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Old Firm Casuals - Old Firm Casuals [7-inch] (Cover Artwork)

Old Firm Casuals

Old Firm Casuals: Old Firm Casuals [7-inch]Old Firm Casuals [7-inch] (2011)
Oi! the boat

Reviewer Rating: 3


Contributed by: JohnGentileJohnGentile
(others by this writer | submit your own)

When first listening to the first release from Lars Frederiksen's Old Firm Casuals, I was ready to trash it for being unoriginal and unnecessary...but upon further consideration, I would have been the one that missed the point of the release. This release features Old Firm Casuals playing by-the-.
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When first listening to the first release from Lars Frederiksen's Old Firm Casuals, I was ready to trash it for being unoriginal and unnecessary...but upon further consideration, I would have been the one that missed the point of the release.

This release features Old Firm Casuals playing by-the-numbers Oi! and street punk. They tear through four tunes based on fairly standard punk riffs and progression without changing the tempo or even tuning. The lyrics reference how the band is proud to be the band they are, their working class background, and how they will break the noses of people who don't like them (twice!).

But, to be fair, while the topics aren't groundbreaking, and the music doesn't sound new per se when viewed as music for the sake of music, the EP is actually pretty fun and a worthy exercise. Frederiksen retains his skill in crafting a song in the classic two-and-half-a-minute style. The music is catchy and well-executed. The band clearly reveres the music that they are playing, so much so that they sly pay homage to the Clash's iconic "Clash City Rockers".

Now, this type of music has been done before almost 30 years ago, and this release doesn't really add much for consideration. But, while the record is inessential, it's not pointless.

Were Erik Petersen of Mischief Brew to release a record in the style of pre-war folk, I'd call it an interesting experiment. Were Jack Terricloth of World/Inferno to release an album of jazz standards, I'd call it a fun diversion. Were John Joseph of the Cro-Mags to release an album of Bad Brain covers, I'd call it an iconic musician paying respect to his mentors. If these artists get the benefit of the doubt, so should Frederiksen, who was in Rancid, one of the most influential punk bands of the '90s.

Here, Frederiksen seems to be paying dues to the music that inspired and informed him. And while Oi! music can be monotonous, it does have a certain catchiness and reverence for pop music. As Lars and his band tear through these four cuts, they demonstrate how early punk was so effective in both how it utilized the Chuck Berry/Bo Diddly formula, and how it ignored it at appropriate times. Likewise, in playing these straightforward but rocking tunes, Frederiksen highlights how Rancid, love them or hate them, really did know how to write a classic rock song that had both catchiness and substance.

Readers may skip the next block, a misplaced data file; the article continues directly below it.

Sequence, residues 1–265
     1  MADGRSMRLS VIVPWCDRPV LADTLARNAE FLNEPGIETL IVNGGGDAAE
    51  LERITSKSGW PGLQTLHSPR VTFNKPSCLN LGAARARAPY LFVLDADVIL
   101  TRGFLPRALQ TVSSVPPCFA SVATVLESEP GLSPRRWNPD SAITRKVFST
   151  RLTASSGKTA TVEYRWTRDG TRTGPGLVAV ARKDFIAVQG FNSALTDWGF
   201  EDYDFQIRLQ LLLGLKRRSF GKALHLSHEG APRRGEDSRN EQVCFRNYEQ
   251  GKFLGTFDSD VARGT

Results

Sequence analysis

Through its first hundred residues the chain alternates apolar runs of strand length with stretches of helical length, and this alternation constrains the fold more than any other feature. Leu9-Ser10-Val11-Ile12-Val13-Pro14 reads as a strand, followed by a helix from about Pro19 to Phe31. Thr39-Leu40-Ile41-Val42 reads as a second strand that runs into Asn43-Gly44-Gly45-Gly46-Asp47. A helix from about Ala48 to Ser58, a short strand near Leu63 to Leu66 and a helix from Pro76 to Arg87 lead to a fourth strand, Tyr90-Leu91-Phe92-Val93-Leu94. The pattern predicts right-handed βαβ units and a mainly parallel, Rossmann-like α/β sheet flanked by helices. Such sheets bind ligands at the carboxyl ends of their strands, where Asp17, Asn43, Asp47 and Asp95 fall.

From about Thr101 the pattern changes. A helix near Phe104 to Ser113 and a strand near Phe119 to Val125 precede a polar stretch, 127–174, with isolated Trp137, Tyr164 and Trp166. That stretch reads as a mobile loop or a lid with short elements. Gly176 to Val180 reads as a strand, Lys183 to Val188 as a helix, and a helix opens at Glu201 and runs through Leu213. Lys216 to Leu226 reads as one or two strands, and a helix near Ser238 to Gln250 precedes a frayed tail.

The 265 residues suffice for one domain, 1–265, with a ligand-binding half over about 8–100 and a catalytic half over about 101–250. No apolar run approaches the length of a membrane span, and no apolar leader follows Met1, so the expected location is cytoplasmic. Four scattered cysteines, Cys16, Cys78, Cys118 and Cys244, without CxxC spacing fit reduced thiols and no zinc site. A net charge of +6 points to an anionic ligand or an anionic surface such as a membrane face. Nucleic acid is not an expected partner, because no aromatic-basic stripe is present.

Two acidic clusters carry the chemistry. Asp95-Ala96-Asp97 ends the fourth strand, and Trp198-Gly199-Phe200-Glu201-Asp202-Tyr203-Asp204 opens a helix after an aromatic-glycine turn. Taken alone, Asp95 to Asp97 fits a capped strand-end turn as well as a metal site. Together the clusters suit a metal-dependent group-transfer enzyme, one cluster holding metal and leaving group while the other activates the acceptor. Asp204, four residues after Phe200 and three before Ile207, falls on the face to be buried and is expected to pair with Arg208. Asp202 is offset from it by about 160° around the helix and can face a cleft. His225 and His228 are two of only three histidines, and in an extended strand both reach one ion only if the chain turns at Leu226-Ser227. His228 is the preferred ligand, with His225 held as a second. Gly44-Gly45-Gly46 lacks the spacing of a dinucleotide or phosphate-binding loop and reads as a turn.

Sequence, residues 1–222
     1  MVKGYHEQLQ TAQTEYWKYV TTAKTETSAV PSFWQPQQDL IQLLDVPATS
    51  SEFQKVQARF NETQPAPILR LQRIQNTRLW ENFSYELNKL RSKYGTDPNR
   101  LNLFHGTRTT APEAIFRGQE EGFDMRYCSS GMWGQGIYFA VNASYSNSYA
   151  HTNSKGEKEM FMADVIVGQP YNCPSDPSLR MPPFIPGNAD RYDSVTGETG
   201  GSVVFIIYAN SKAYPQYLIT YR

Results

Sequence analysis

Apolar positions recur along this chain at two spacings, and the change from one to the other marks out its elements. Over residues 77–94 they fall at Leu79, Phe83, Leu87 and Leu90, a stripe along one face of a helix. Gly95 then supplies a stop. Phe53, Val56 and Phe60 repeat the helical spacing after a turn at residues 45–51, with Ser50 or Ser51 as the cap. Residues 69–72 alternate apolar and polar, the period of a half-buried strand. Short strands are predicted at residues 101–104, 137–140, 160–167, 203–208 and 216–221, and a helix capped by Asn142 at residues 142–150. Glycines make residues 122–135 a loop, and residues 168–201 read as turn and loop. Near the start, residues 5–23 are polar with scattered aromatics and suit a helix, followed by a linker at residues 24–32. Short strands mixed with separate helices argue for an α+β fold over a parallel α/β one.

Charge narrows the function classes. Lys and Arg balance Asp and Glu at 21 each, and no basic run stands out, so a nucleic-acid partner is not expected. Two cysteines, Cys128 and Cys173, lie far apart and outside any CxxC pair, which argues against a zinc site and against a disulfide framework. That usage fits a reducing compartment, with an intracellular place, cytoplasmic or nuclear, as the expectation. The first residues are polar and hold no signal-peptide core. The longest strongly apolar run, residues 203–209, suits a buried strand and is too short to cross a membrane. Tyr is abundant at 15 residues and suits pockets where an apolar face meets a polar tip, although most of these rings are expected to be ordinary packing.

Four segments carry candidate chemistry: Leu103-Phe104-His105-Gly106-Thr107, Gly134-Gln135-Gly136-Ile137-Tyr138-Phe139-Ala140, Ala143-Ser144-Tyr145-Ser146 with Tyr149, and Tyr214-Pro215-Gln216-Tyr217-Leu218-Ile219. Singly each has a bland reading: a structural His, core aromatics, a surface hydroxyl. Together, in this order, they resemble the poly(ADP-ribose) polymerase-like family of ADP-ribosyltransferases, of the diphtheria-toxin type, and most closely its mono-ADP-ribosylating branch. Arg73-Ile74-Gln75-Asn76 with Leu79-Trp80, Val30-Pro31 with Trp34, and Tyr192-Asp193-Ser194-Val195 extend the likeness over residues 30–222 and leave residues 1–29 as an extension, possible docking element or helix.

Although this release is likely for fans only, those that are more interested in discovering Frederiksen's roots might also find themselves discovering the roots of punk itself.

 

 
People who liked this also liked:
Rancid - Rancid (2000)Rancid - ...Honor Is All We KnowDescendents - Everything SucksLagwagon - TrashedTim Armstrong - A Poet's LifeOFF! - OFF!NOFX - Self EntitledPropagandhi - Failed StatesPropagandhi - Today's Empires, Tomorrow's AshesDescendents - I Don't Want to Grow Up

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Fine Print: The following comments are owned by whoever posted them. We are not respon sible for them in any way. Seriously.
MarvTheZombie (July 26, 2011)

Just got this vinyl in the mail yesterday and by god, what an awesome record it is. The only real reason I started listening to OFC was because Lars was involved, and that man can almost do no wrong, as far as I'm concerned (huge Rancid fan, call it a bias). It took a couple listens online until I really started to love this band, and thus ordered the vinyl, which currently sits on my record player at any given time. Each track is a straight-forward fist of edgy, chin-up tunes. While 'Apocalypse Coming' does bear resemblance to 'Clash City Rockers' and a particular tune by The Who, it still kicks a serious amount of ass and charges ahead on a good pace, slower than the three other tracks on the record, which are all legitimately boss. Buy it.

stayaway (June 22, 2011)

I haven't heard this yet, but it seems like your review pretty much nailed down what I would have guessed it to sound like. I don't get why you referred to Rancid in past tense throughout this review though, as if they've broken up.

mattramone (June 22, 2011)

I was expecting to hate this but I actually ended up enjoying it. It reminds me of being a kid, and sometimes there's nothing wrong with a little nostalgia.

dinosaur_fartsounds (June 22, 2011)

"Here, Frederiksen seems to be paying dues to the music that inspired and informed him" -over the last few Rancid records and Bastards albums, he does that quite a bit.

Hey_Asshole (June 21, 2011)

Ok, we are talking about a dubious throwback Oi/street punk record. That said, why is the lack of varying tempo or tuning changes even worth mentioning?

slazey (June 21, 2011)

Sounds intriguing- but as a Partick Thistle fan, I don't think I'm allowed to have a band named 'Old Firm Casuals' in my record collection. Oh well.

thirtyseconds (June 21, 2011)

They don't EVEN change the tuning? fuck...

pito (June 21, 2011)

I love this record and I hate music that pretends to sound new

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